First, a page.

Sorry, you need to enable JavaScript to visit this website.
Your Pet, Our Passion.
Chow Chow (Rough)

Chow Chow (Rough)

The Chow Chow is a large, compact, bear-like dog with a thick, abundant top coat, a woolly undercoat and a tail curled over its back. This breed is gaining in popularity and with their striking looks they’re sure to leave a lasting impression on everyone who lays eyes on them.

The need-to-know
  • Dog suitable for experienced owners
  • Extra training required
  • Enjoys active walks
  • Enjoys walking an hour a day
  • Large dog
  • Some drool
  • Requires grooming daily
  • Non hypoallergenic breed
  • Quiet dog
  • Guard dog. Barks, alerts and it's physically protective
  • May require training to live with other pets
  • May require training to live with kids

Key Facts

Lifespan: 12 – 15 years
Weight: 18 – 31.5kg
Height: 46 – 56cm
Colours: Red; black; cream; blue or cinnamon
Size: Large
Kennel Club Group: Utility

Ratings

Family-friendly: 2/5
Exercise needs: 2/5
Easy to train: 2/5
Tolerates being alone: 5/5
Likes other pets: 1/5
Energy level: 2/5
Grooming needs: 3/5
Shedding: 1/5
Cream coloured Chow Chow dog

Personality

While bonded to their owner, the Chow Chow is generally aloof and reserved, is both stubborn and independent, is not playful, and in general neither gives or likes affection (and may actively object to it!). This can be problematic in a dog who looks like a giant teddy bear.

Their thick coat also means that in hot weather they can get over-heated which can increase any irritability. Breeders have worked hard over the years to improve temperaments so it’s important to get your puppy from a responsible source.

The Chow Chow will suit an owner who will enjoy their aloofness and independence and who doesn’t want a dog that shows a great deal of affection and instead gives their love at a distance!

Black Chow Chow dog sitting

History and Origins

The origin of the Chow Chow dog breed is a bit of a mystery, but they probably came from Mongolia and Manchuria, where they were bred for food and their fur was used for clothing. They were later introduced to China. Centuries ago, they were also used to guard the temples against evil spirits.

The Chow was used as a multi-purpose dog and found work in several professions including hunting, guarding, sled and cart pulling and as watchdogs.

did you know?

Did You Know?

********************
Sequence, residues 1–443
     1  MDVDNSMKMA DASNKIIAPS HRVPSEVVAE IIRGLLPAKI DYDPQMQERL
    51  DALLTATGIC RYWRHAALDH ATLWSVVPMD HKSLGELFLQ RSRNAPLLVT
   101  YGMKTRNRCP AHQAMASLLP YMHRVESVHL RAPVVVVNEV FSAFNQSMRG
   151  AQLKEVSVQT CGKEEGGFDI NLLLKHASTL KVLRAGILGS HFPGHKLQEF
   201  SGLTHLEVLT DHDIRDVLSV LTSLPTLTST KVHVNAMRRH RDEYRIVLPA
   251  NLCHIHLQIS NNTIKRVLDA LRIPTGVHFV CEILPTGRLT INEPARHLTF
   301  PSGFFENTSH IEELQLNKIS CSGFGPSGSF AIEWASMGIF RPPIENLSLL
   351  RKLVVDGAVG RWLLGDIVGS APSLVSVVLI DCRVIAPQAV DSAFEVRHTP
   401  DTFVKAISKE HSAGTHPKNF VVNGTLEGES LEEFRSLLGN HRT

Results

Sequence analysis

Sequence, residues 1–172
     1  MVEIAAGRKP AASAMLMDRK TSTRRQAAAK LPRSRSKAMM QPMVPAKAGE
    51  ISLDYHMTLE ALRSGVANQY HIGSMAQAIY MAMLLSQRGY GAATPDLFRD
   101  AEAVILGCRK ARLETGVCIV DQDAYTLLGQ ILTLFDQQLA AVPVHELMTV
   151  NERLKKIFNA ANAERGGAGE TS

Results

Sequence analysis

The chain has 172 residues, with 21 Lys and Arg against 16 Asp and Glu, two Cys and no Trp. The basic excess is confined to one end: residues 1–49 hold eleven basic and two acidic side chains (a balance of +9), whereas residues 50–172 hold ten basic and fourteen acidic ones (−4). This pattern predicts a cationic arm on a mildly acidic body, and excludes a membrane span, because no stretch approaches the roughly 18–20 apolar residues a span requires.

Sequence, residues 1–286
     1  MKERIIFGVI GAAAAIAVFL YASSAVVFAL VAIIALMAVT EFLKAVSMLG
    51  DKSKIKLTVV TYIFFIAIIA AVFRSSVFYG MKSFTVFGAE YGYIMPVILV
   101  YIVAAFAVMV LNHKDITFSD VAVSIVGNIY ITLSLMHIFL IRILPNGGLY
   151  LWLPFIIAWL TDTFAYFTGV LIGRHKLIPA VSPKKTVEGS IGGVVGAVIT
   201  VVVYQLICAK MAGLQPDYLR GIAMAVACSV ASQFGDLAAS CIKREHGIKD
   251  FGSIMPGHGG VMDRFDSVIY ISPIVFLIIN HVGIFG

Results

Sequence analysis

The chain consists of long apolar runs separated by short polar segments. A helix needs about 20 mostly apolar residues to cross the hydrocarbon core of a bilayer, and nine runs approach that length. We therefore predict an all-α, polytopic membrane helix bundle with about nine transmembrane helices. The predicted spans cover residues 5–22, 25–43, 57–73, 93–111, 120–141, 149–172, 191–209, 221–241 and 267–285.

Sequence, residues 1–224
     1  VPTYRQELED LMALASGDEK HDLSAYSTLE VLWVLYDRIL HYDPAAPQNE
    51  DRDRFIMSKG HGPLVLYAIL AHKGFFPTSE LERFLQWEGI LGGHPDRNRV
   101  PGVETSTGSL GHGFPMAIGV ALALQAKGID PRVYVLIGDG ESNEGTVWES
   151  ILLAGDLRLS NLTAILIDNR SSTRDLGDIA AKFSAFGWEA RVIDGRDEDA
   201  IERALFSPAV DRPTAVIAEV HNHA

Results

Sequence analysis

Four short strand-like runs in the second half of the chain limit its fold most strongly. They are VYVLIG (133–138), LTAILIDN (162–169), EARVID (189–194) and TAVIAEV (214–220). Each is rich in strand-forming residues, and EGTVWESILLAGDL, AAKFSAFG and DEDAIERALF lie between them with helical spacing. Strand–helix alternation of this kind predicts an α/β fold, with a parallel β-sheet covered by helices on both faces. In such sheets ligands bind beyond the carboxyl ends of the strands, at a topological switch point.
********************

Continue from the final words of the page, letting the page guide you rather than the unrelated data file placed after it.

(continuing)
• The Chow Chow has a blue/black tongue (as does the Shar Pei, polar bears and giraffes!)
  • They have 44 teeth unlike all other dogs which have 42.
  • The Chow Chow has been a very important part of Chinese cultural history. One 8th century Emperor is reported to have kept a kennel of 5,000 Chow Chows looked after by 10,000 huntsmen.
  • Psychoanalyst, Sigmund Freud always had a Chow Chow in the room when he was seeing patients – partly because it seemed to make them far more inclined to talk about their problems, but also because Jofi, his favourite dog would always indicate when the patient’s hour was up and so Freud never had to look at his watch.
  • As the Chow Chow has deep set eyes, they have poor peripheral vision so always make sure you approach them from the front.

Found your perfect fur friend? Here's some useful tips from us:

Labrador lying next to the sofa
Finding a pet
Is this the right breed for you?
All dogs have their own unique personality, but there are some instincts and behaviours that they're born with. Try our Dog Breed Selector tool and find out which dog breeds better match your preferences and lifestyle.
Puppy walking next to owner on a lead
Finding a pet
7 of the Best Dog Breeds for Families and Kids
Dogs and kids can be a great match! Dogs encourage children to stay active while helping to develop the social skills of both dog and child alike. To help you ensure you find the best match, we've created this guide to the best dog breeds for families.
Dog with red collar sitting next to the owner
Finding a pet
Finding a good breeder
If your heart is set on a purebred puppy, then your best bet is to find a reputable breeder. Finding the right breeder is crucial to make sure that your pup has received the best start to grow into a happy and healthy dog. Find out what to look for in a puppy breeder with this guide.
Dog with red collar
Finding a pet
Welcoming your dog home
While you're waiting for the big day you may need to distract yourself, so luckily there are a few things you need to sort our before you welcome your new arrival.
Dog with red collar lying
Adoption
It's incredibly fulfilling to adopt a dog from an animal shelter or rescue organisation. It often means offering them a second chance at life. There are many dogs waiting for a loving family and their forever home, but what can you expect from the process?
Dog with red collar looking out the window
Puppy advice
Everything you need to know
Getting a new puppy is incredibly exciting for all the family, but it can be quite scary for your new pup. Find out how to deal with everything from behaviour to health questions with our expert puppy advice.
Owner checking dogs collar
Finding a pet
Benefits of having a dog
It's known far and wide that dogs are man's best friend, but did you know that there's actually numerous benefits of having a dog? From helping you to get fit to meeting new people, your puppy can actually help to improve your health and social life. Keep reading to discover the benefits of dogs!